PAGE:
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Once, during an elementary school field trip, I watched a planetarium documentary about the Doppler effect — the change in frequency of sound and light waves that occurs as a source and its observer move closer together or further apart. In the visible universe, distant galaxies are moving away from our own, giving them a lower-frequency light wavelength that corresponds to a reddish hue when viewed from a telescope. This phenomenon is called redshift, or so the documentary told us, and it is the primary basis for theories that the universe is expanding: Every distant point of reference carries the warm tint of outward growth.
I can still remember watching the documentary from my planetarium chair, enthralled as the animated galaxies on the ceiling were stretched in every radial direction from where I sat, the primordial darkness of the theater punctured only by the red glow of our faces as we looked upwards at the artificial sky.
Back then, it seemed to me like just a beautiful novelty, and I haven’t been in another planetarium in years. But right now, caught in a yearlong limbo between an abruptly-terminated senior spring and an unrecognizable freshman year, between a childhood without definite closure and an adulthood that hasn’t truly begun, I find myself once again suspended in darkness, watching every known reference point recede from the position where I stand.
The Covid-19 pandemic has taken the traditional coming-of-age progression from high school to college — a time usually marked by structured rituals for closure and rebirth — and shattered it into pieces. Where culturally-revered milestones like prom, graduation, and move-in day once stood, the high school Class of 2020 has found ourselves salvaging the parts that are left. In the year since the pandemic began, our communities have helped us do whatever we can to construct new landmarks for the transition from childhood to adulthood — to replicate every celebration, every interaction, every forward motion over the pixelated dimensions of Zoom — but the inherent contradictions are clear.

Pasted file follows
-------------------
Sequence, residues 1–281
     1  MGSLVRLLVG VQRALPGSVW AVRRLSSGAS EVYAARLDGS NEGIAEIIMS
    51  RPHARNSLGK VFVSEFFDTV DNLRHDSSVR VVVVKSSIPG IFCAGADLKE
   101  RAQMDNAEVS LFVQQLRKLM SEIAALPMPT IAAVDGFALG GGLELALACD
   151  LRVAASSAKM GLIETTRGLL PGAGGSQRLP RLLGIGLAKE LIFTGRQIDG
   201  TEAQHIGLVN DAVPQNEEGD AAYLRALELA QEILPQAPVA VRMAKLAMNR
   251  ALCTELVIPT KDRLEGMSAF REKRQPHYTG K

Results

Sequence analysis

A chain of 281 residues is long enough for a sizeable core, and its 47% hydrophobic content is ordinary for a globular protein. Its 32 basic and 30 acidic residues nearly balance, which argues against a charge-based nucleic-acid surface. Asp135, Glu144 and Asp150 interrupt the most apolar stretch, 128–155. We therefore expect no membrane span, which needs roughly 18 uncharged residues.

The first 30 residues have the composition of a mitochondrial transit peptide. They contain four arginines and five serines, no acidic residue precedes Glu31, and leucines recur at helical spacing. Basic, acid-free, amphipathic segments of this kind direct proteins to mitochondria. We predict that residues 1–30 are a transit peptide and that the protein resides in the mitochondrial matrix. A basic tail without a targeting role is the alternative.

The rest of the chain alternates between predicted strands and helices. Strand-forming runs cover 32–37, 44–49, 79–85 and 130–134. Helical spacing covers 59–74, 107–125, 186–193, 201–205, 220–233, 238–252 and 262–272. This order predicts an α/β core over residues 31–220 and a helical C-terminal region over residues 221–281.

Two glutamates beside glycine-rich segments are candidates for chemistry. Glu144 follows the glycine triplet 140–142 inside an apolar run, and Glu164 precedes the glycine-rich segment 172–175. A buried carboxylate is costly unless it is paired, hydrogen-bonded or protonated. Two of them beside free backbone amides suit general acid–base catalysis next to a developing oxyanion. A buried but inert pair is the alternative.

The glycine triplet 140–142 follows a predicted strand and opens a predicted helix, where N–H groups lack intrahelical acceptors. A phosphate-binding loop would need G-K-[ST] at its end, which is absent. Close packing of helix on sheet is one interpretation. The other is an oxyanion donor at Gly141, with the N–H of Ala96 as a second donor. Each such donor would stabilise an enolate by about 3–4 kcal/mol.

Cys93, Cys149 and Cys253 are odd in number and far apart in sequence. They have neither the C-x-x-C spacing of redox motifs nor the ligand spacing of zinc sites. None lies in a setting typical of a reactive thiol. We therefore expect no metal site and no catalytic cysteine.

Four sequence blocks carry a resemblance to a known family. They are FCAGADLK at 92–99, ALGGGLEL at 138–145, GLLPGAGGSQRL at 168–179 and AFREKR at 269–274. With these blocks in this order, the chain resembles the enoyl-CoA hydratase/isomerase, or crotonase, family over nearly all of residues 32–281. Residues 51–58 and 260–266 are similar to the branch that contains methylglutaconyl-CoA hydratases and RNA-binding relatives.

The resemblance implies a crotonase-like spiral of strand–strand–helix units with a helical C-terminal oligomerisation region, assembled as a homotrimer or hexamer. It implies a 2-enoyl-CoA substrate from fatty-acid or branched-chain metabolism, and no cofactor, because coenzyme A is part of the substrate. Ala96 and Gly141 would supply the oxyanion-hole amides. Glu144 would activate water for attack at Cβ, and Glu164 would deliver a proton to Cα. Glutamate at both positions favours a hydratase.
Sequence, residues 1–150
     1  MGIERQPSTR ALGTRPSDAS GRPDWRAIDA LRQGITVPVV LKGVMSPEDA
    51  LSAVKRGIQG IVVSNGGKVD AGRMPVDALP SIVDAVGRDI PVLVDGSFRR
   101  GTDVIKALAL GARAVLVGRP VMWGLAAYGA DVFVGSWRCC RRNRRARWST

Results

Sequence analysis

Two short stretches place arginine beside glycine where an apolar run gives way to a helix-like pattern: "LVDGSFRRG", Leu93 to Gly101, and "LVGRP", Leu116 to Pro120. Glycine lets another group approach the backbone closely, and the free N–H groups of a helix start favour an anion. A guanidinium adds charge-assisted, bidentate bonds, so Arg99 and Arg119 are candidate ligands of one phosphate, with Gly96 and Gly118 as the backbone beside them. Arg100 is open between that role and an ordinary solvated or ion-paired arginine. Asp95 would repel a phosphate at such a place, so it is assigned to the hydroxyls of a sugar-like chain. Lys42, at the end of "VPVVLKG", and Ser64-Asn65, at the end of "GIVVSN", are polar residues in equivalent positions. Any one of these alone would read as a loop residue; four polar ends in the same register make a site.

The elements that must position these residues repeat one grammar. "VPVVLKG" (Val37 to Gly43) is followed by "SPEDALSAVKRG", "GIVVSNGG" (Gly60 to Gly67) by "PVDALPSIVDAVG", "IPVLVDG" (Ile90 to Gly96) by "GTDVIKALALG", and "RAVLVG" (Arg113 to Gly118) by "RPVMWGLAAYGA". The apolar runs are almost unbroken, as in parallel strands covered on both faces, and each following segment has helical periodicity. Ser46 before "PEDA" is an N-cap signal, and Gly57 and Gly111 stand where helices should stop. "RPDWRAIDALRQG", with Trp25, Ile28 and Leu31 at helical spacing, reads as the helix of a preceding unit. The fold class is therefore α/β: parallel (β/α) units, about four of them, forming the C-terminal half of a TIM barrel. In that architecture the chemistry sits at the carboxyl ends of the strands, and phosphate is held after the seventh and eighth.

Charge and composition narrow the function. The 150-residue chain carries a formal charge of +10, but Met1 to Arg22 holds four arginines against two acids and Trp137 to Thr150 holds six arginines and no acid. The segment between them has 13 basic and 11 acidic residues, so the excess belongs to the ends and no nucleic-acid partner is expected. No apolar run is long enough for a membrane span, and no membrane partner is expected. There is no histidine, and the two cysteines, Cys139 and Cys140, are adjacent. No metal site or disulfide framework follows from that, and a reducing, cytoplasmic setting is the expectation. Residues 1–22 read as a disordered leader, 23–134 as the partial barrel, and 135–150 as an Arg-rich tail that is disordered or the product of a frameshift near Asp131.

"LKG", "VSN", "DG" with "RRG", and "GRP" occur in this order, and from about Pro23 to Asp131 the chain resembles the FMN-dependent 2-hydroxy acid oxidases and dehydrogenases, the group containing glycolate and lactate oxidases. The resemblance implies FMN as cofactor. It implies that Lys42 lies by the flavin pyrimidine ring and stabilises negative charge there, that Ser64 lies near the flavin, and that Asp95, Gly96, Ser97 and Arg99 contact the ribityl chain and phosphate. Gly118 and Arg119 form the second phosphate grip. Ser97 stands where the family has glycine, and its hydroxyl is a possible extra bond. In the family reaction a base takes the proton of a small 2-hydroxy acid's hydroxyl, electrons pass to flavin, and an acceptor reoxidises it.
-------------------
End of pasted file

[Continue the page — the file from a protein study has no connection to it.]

We are attempting to take flight in a time that is defined by staying in place. We are attempting to enter the world while it practices isolation. In a year of crisis and profound societal loss, we need the milestones promised to us in childhood more than ever before — but it is a consequence of the very same crisis that we can never experience them entirely, that we may only ever watch as they recede beyond our reach.
We are left with a longing for something whole, something we can hold, although we can’t explain this sadness in tangible terms. We are dreaming of leftovers and worshipping the bones of what we thought was guaranteed. We can only idealize; 2020 was the most memorable year we never had. Who’s to say that what we lost was really ours?
Untethered to our reference points, we easily become disoriented. Did we graduate a few months ago or a few years? Did the semester end last winter or last week? Our bodies have moved through a full cycle of seasons since the pandemic began, but our minds aren’t afforded the same luxury of simple metrics. I entered this period at 17 and likely won’t regain the ability for closure, the ability to reach a societal landmark and confirm that I have passed it, until I am well over 19. In the space between, unbound by linear time, I cannot tell you with certainty whether I have lived a year or a lifetime or none at all.
All I can count is that which I hold onto in the moment. A run through the redwoods. A corsage of flowers from my neighbor’s front yard. The chord of a new song spreading like dye through my chest. A picnic on the bridge over the Charles River, a poem engraved in the sidewalk by my new apartment, a burst of laughter from strangers-turned-roommates who have come to feel like home — each a constellation illuminating the moments they are lived, reminding me that we aren’t left entirely without light that we can see.
All I know is that I am here — back in the darkness of the planetarium looking up, watching with childlike wonder at the only thing we have left: This now, this tenuous and star-studded now, anchoring us here as the known universe recedes outward in a haze of red light.
Eleanor V. Wikstrom ’24 is a Crimson Editorial comp director.
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